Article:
Foul Weather Gear – What You Need
Having the right foul weather gear when out on the water can make a massive difference to your level of enjoyment. Without the proper clothing, your time could be ruined by wet and windy conditions.
There are 5 main types of foul weather gear: light inshore, inshore, coastal, offshore and ocean.
Light and Inshore
Light inshore is ideal for people who spend time on relatively calm flat seas or rivers.
They are usually made up of a two-layer laminated fabric which is designed to keep water out and allow the skin to breathe. Most have fairly low cut collars and a few have fluorescent hoods. Prismatic reflectors and such like are not usually found here.
This type of gear would suit someone who takes to the water on nice calm days with little spray over the deck and light to moderate rain showers.
Inshore and light inshore are fairly similar, the key differences are usually in the cut of the clothing and height of the collar. An inshore option should be chosen by people who will be out on the water for longer periods of time in light weather.
Coastal gear is where things start to become more durable and waterproof. Coastal gear tends to be made up of a 3 layer laminated fabric, and in some cases, a Gore-Tex like fabric is used.
Gore-Tex is a synthetic fabric with waterproof qualities that is permeable to air and water vapour. This material is perfect for ‘on the water’ clothing however it does increase the cost.
The first jacket I ever owned was Musto’s BR2 coastal jacket and it did a fantastic job in downpours and light to medium seas.
Offshore options are perfect for when you are spending longer out at sea with water coming over the deck and medium to occasional heavy downpours.
These garments tend to be made from Gore-Tex fabric, due to its waterproof and breathable qualities. Usually, the garments are unlined but some do have nylon mesh linings within them.
A great range for offshore sailing is Musto’s MPX range. It's well-built, very durable and does a fantastic job at keeping water out.
Ocean is the highest specification of foul weather gear. It is aimed mostly at professional sailors as it offers high durability. Ocean wear is designed to be worn in consistent downpours and when large amounts of water are coming over the deck.
Like the offshore kit, ocean-class garments are usually made up from a heavy-duty gore-tex or similar product. These garments tend to be bulkier than offshore garments due to their robust design.
Some foul weather gear in this category has neoprene or latex wrist/neck seals. This gives sailors nearly ‘dry suit’ levels of protection and is often used in offshore races such as the Volvo Ocean Race.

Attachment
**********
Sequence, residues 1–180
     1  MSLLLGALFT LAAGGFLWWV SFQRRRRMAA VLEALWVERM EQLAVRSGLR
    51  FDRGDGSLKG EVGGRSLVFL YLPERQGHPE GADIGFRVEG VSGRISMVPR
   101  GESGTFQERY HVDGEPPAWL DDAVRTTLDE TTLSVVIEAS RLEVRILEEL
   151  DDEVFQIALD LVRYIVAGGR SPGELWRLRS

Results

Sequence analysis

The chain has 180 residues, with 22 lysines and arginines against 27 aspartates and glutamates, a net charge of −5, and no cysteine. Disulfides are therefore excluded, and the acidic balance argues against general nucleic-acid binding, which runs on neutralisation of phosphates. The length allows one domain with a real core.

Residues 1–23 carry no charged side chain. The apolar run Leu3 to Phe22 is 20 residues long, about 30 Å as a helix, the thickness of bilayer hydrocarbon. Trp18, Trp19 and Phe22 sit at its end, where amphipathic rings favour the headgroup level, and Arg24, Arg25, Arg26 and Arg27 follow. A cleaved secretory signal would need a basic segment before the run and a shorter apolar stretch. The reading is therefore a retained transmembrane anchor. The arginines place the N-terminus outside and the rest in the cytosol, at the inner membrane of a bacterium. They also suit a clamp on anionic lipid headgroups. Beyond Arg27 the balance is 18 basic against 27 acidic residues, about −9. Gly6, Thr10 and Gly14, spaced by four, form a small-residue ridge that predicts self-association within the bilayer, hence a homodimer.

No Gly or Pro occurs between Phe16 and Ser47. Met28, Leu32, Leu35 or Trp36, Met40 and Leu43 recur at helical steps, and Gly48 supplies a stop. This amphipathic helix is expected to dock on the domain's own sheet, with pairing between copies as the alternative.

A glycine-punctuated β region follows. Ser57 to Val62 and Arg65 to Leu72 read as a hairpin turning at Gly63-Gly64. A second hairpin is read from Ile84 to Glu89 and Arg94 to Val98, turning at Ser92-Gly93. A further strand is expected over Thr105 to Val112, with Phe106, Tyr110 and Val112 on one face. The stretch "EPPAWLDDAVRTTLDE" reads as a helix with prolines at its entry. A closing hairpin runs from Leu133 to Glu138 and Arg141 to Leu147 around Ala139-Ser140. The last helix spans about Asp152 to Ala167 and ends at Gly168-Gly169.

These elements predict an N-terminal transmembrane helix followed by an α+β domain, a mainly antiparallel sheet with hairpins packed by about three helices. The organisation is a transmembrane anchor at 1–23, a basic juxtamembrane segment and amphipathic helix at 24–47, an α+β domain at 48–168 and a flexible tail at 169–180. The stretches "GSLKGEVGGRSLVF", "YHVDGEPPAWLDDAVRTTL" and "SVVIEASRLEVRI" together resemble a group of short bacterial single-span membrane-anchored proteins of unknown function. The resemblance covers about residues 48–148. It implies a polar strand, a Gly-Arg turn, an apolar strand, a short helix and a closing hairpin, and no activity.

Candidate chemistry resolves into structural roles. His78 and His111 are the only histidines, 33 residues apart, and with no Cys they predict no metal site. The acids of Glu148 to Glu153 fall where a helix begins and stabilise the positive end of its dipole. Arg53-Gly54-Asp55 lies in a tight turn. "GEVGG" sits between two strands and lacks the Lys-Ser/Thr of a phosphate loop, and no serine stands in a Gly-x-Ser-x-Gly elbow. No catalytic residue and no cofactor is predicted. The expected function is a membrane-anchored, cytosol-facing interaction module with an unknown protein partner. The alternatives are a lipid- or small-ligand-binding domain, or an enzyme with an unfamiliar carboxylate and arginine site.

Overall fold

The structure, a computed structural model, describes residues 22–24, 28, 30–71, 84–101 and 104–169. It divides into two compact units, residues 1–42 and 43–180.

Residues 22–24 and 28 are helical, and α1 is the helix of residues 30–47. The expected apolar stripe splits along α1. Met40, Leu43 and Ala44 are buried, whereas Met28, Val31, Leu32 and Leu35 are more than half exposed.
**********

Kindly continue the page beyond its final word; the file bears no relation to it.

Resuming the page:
My current foul weather jacket is Musto’s HPX jacket. For an ocean sailor, it is probably my best bit of kit; although the initial cost was steep, it is easily justified by the performance.
What I wear
In this footage I am wearing my HPX jacket, this does a fantastic job at keeping the water out, the storm flap also helps to shield my face from any spray. My trousers are designed for offshore use therefore in very heavy sea conditions I do notice they are a little damp inside, but nothing too major.
The wellies here have a gaiter around them, this is designed to stop water running up the inside of a trouser leg and down into the boot. For inshore and coastal sailing, these are really not necessary as you don’t tend to get water with enough force to penetrate the bottom of your trouser leg.
These boots lend themselves well to offshore and ocean sailing, particularly racing. This is because when you get large volumes of water over a deck at a very high speed, the gaiter acts as a barrier and forces the water away from the trouser leg. Even if some water does make its way into the gaiter, they have small mesh drainage panels so any water simply drains away.
Noah di Paola is a young and enthusiastic sailor, who works part-time in the marine industry and has a wide range of skills and knowledge in all things sailing. Noah sails both dinghies and yachts and has recently got to the grips with a 29er. He started sailing at the age of 8 and has progressed ever since.